This value would have been below the average Iowa / Southern Minnesota market prices in all the years included in the survey. However, only 10% of these producers had operations that would have 125 sows. They reported only 40% of their livelihood was provided by the swine enterprise. One-third of the producers increased another enterprise to use their time, but 45% reported working fewer hours on the farm. Seventy-five percent of the swine facilities used by these producers were reported as of types that by 1992 were becoming obsolete.

And 73% of the producers indicated they planned to destroy the facilities, rather than use them for any purpose. While low prices may have beenthe stated cause for the action in the producers mind, the economic outcomes, contributory income, use of assets, and use of time do seem to be highly important. Often economic decisions are thought to be driven by maximizing economic return. That does not appear to be the driver here.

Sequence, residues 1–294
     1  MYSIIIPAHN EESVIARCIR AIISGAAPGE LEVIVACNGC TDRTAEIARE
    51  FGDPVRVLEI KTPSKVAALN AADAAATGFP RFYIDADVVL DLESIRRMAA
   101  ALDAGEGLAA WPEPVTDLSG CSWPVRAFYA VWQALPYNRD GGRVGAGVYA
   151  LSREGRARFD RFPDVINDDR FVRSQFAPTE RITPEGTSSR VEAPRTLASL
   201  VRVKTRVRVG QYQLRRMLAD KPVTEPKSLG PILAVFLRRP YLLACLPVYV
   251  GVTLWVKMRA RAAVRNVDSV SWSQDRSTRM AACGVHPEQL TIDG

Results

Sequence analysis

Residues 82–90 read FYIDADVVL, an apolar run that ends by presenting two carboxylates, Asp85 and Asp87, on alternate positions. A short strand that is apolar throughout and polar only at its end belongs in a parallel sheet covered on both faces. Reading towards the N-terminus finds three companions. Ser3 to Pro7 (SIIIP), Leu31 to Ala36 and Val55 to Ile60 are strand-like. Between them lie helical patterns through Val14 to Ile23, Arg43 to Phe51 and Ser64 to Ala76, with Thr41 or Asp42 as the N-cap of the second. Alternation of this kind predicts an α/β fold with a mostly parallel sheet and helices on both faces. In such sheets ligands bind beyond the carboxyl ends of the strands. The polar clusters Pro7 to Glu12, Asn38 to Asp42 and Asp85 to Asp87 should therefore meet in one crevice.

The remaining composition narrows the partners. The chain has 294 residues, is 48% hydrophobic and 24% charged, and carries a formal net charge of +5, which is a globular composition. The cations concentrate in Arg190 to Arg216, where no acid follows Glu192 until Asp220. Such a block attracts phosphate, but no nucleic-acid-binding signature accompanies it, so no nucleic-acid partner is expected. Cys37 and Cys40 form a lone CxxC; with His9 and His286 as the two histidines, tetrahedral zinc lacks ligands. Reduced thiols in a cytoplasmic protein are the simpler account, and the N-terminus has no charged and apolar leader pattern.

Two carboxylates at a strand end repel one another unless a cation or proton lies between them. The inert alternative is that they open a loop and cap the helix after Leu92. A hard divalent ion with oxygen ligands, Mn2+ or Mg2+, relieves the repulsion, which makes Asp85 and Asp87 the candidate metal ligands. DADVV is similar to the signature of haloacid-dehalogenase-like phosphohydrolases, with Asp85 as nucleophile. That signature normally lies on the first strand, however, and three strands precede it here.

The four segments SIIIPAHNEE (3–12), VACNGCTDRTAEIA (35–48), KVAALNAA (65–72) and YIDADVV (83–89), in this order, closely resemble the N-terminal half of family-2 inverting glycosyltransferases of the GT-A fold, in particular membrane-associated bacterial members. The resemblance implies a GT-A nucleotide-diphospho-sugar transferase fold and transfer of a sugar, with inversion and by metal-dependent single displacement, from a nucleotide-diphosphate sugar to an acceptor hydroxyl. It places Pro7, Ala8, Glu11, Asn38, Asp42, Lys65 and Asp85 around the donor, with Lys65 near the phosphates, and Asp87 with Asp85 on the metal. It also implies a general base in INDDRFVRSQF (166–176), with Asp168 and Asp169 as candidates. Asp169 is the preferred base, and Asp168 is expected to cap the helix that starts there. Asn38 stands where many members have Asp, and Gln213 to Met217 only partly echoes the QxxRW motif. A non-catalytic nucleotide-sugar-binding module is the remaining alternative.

In a survey of producer's decision making conducted in 1992, producers indicated that marketing was a weak point in their operations. They identified help with marketing as a critical need. However, among numerous financial resources they might use, they indicated strongly they would not hire marketing help. In other financial areas of equal importance and need, they indicated they would or do hire help. It appears that producers of all commodities are concerned with low prices, but activities to help improve those prices on the marketing side are not well accepted.

Decisions Are Influenced by Attitudes

In a 2002 report on producers' decisions involving off-farm work, it was found that attitudes about risk influence the decision. As a result of risk aversion, a producer was likely to diversify income through off-farm labor endeavors. While farmers engaged in livestock production were more likely not to seek off-farm work, largely due to the constant on-site labor demand, the 1997 survey showed that once having quit the livestock operation, one-third of the respondents increased their off-farm work.

It was also found that the greater the scale of production, the less likely the farmer would work off farm. Smaller pork producers who felt prices for hogs were inadequate may have chosen to exit the industry and take the option of off farm employment because it was seen as less risky.